Istvan has designed a program for education reform and skill training that addresses discrimination against Roma people in Hungary. He has been remarkably successful in involving municipalities in decreasing school dropout rates among Roma, also known as Gypsy, children and in helping adults find jobs.
The New Idea
Roma children typically care for large families, a role that necessitates earning money from an early age. To accommodate this need, Istvan has designed a program that allows Gypsy youth to work and attend school simultaneously. Accredited by the state, Istvan's program enables Roma students to receive full-time salaries for half-time work, with the other half of their time spent completing their studies. Additionally, his program allows Gypsy students to finish primary school in less than a year, completing four grades in a compressed period of time. To motivate teachers, many of whom are reluctant to work with Roma children, Istvan has convinced state and local governments to increase the salaries of participating teachers.
For Roma students, completing primary school is an especially important first step to finding jobs. Later, they need additional training and opportunities. Istvan is working with employment organizers, job centers, and local governments to secure jobs for graduates of his program. He is facilitating increased dialogue among Gypsy and non-Gypsy communities, and is raising the profile of Roma through community forums and media.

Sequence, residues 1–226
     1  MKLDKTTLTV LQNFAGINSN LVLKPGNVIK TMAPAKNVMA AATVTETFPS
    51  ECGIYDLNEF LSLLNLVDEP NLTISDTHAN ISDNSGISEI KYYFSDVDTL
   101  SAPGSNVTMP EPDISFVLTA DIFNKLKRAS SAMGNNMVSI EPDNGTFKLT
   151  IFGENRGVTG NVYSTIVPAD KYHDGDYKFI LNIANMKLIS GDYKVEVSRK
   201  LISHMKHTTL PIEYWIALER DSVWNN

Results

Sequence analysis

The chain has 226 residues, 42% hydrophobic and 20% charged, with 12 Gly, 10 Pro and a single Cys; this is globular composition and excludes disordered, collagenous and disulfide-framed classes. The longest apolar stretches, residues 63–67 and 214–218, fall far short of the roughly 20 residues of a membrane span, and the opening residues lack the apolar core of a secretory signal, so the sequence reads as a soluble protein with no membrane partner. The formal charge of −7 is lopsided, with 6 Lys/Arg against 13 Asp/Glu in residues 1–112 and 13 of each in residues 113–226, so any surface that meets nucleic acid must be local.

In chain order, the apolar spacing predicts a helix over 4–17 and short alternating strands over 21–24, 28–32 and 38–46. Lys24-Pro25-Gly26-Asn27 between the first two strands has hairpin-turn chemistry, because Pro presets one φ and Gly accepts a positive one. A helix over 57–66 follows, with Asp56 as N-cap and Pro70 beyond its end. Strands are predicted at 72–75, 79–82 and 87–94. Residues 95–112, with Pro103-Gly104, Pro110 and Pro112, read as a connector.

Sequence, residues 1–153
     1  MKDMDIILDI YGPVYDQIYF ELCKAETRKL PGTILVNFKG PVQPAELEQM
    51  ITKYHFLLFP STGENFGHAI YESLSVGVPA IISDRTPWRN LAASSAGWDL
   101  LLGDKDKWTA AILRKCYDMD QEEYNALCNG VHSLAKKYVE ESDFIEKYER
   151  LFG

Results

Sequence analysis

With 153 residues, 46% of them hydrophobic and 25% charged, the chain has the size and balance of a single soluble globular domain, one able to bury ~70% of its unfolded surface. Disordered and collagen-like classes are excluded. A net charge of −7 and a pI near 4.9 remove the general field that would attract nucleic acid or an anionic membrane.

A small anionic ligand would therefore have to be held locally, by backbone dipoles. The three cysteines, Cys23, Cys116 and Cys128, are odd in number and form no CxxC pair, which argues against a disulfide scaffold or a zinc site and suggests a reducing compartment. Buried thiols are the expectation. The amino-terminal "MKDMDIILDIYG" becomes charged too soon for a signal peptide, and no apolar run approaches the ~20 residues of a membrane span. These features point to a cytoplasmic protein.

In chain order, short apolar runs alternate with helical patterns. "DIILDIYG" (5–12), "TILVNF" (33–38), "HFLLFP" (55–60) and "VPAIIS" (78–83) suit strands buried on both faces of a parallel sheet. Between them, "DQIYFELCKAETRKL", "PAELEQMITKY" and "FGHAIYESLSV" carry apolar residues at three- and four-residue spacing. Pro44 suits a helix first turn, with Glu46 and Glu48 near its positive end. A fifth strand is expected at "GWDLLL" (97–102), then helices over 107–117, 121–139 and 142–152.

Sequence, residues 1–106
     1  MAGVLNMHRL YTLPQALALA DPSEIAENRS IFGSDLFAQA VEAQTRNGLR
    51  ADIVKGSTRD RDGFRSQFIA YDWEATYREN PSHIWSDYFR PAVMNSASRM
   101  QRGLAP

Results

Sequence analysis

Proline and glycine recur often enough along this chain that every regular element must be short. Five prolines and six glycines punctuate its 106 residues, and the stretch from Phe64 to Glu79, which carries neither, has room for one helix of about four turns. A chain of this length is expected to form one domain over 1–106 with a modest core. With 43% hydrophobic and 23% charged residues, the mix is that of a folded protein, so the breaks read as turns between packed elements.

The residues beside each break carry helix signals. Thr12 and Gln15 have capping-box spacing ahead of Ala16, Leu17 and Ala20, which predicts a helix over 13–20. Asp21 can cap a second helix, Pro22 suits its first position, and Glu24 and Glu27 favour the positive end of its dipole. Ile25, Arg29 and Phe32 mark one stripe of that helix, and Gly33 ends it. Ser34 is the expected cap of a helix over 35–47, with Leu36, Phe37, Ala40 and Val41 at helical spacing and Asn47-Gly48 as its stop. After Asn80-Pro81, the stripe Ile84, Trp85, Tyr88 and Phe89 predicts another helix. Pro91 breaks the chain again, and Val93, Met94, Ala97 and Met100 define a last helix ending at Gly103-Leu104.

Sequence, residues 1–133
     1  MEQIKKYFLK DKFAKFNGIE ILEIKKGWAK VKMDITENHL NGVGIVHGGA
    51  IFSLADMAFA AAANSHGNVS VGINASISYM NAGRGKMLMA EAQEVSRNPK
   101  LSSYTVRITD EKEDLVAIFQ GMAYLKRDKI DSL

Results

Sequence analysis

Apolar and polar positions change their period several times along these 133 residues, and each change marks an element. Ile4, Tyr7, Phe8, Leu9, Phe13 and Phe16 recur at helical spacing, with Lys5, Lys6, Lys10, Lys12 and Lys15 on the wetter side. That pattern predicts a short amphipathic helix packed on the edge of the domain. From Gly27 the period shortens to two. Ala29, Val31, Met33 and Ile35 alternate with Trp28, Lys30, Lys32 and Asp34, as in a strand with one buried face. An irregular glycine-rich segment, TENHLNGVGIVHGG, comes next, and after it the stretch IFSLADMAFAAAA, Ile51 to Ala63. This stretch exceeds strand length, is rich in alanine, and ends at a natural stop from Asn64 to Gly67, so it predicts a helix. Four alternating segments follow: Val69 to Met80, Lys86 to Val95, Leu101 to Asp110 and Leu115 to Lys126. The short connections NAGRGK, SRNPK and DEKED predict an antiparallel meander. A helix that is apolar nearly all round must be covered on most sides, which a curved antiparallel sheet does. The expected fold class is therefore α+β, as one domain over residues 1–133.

An estimated one million Gypsies live in Hungary, comprising almost 10 percent of the population. But their numbers are rapidly increasing: in September 2000, one in every three first-grade students will be Roma.
Gypsies have long been targets for discrimination, and few government and non-government programs have successfully integrated them into mainstream Hungarian life. Education is an area of clear discrimination and clear need. Owing to cultural differences, normal Gypsy children are directed to special classes or schools to study alongside disabled children. Most -- as many as 55 percent in some communities -- drop out of school at an early age, a reality that greatly restricts their employment later in life. According to Hungarian Labor Law, participation in job training requires one to complete the eighth grade. This means that more than half of the Gypsy population cannot access most jobs.
In most communities, Roma lack skilled representation and leadership. While the Hungarian Minority Law enables Roma leaders to become representatives in local minority governments, most Gypsy leaders are uneducated and have only limited knowledge of democracy.
In 1996, Istvan and eleven other Gypsy representatives participated in a training course sponsored by the European Union's Roma Program. Istvan emerged determined to strengthen leadership in Gypsy communities and develop educational reform and employment strategies for Gypsies. He convinced his classmates to unite forces; under his leadership, they established the Professional Association of Gypsy Leaders. The organization sought to train Roma representatives and other community leaders, to create and improve educational and professional resources, to secure legal representation for Gypsies, and to raise awareness of Roma life and culture.